Shares of electric vehicle (EV) charging network operator ChargePoint (NYSE: CHPT) took a dive last month after the company reported disappointing third-quarter preliminary results, named a new CEO, and said that its CFO was stepping down.
The news added to the perception that ChargePoint is in disarray as a number of carmakers have adopted Tesla's North American Charging Standard (NACS) this year, forcing the company to adapt its chargers. As a result of the preliminary update and executive changes, the stock finished the month down 27%, according to data from S&P Global Market Intelligence.
As you can see from the chart below, the stock fell sharply in the middle of the month when that news came out, and it didn't recover.
ChargePoint gets burned
Shares of ChargePoint fell 35.5% on Nov. 17 after it shared the preliminary report and other items with investors. It wasn't clear which was the most damaging for the stock, but they all spell trouble.
First, ChargePoint said it now expected third-quarter revenue of $108 million to $113 million, which compared to a previous target of $150 million to $165 million. The company also said it would take a noncash inventory impairment charge of $42 million in the quarter, and it lowered its pre-impairment gross margin target from between 22% and 25% to between 19% and 21%. Based on its operating expense guidance, the company expects an adjusted operating loss of around $60 million for the quarter.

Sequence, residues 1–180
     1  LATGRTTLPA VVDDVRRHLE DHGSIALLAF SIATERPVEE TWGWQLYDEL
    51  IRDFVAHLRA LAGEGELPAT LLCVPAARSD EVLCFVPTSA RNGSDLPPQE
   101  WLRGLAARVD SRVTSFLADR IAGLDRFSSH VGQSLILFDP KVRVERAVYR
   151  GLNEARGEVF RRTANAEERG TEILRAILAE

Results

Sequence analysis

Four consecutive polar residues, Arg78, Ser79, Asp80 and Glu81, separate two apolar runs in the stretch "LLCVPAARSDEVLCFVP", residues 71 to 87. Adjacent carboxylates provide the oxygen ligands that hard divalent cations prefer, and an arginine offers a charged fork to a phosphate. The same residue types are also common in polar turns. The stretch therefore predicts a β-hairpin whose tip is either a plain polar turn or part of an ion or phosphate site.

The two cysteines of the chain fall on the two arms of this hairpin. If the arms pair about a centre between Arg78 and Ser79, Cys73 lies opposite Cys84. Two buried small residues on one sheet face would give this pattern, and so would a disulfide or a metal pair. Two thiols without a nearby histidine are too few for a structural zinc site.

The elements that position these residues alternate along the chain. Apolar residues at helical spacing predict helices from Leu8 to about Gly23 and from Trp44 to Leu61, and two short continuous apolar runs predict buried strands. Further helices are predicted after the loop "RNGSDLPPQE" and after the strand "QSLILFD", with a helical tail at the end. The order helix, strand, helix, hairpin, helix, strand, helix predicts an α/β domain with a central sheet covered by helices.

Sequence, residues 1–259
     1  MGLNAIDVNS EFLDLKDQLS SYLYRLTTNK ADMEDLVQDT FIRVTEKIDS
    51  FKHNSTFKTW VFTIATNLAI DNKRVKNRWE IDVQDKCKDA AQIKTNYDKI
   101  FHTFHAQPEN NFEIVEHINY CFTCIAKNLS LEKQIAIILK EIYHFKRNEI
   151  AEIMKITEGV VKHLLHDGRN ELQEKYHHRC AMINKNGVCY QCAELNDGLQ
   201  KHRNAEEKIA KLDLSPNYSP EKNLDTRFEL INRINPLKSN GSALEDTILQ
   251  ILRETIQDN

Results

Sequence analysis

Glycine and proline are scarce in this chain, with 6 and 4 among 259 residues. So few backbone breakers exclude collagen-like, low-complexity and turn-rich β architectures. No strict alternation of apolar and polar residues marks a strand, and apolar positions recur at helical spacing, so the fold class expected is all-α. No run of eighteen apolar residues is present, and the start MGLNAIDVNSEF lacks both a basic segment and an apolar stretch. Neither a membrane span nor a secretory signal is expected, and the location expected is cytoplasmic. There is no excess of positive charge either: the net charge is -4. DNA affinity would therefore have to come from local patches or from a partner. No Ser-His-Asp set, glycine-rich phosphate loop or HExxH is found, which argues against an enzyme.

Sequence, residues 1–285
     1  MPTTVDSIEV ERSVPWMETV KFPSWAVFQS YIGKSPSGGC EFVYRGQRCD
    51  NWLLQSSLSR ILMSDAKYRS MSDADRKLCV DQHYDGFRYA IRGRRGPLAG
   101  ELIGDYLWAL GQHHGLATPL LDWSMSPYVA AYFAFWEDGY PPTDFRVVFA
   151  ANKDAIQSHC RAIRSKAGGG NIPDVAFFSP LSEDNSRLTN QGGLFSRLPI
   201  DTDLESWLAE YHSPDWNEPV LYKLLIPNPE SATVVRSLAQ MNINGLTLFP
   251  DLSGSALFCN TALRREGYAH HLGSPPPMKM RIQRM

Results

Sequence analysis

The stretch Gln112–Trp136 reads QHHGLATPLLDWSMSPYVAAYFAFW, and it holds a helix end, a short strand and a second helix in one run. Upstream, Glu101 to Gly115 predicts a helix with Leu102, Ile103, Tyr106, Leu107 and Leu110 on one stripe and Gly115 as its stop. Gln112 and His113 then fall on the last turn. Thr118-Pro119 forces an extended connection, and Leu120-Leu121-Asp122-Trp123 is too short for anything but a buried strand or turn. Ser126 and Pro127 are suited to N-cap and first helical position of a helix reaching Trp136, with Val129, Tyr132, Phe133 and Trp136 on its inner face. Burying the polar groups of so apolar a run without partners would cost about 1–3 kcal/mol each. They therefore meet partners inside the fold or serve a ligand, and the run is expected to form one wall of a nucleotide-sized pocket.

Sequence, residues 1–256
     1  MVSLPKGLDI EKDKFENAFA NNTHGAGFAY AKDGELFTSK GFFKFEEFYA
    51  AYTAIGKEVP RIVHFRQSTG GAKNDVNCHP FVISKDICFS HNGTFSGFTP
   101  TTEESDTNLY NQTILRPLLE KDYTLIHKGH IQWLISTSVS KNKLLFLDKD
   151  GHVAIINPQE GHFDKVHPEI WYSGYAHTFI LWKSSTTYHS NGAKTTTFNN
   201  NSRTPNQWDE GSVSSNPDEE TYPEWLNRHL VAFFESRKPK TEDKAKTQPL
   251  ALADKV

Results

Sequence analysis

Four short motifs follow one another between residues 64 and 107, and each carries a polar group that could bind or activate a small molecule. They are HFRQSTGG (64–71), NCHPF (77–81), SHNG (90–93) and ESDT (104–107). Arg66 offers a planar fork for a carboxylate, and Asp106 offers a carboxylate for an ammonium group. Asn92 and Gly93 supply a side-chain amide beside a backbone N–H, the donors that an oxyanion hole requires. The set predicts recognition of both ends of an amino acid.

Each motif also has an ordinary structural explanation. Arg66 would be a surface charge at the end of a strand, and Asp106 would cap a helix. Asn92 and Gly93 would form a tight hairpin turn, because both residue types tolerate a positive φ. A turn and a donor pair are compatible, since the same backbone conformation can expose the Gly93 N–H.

The company also named former Chief Operating Officer Rick Wilmer as its new CEO, replacing Pasquale Romano, who had served as CEO since 2011. Wilmer will stay on as an advisor during the transition. It also said that CFO Rex Jackson was no longer with the company and it had named Mansi Khetani, who had been senior vice president of financial planning and analysis, as interim CFO while it searches for a permanent replacement.
What it means for ChargePoint
The sudden departure of a CFO can be a red flag, but with both the CEO and CFO stepping down at the same time, this seems to be an orchestrated change by the board of directors to breathe new life into the company.
Still, there doesn't seem to be an easy remedy for ChargePoint's problems as Wilmer said of the guidance cut, "Overall macroeconomic conditions, along with fleet and commercial vehicle delivery delays impacted anticipated deployments with government, auto dealership and workplace customers."
With signs that EV sales growth is slowing, ChargePoint could come under further pressure. Stay tuned for the full earnings report due on Dec. 6 from the EV stock, which is likely to shed more light on the company's position and Wilmer's plans for a turnaround.
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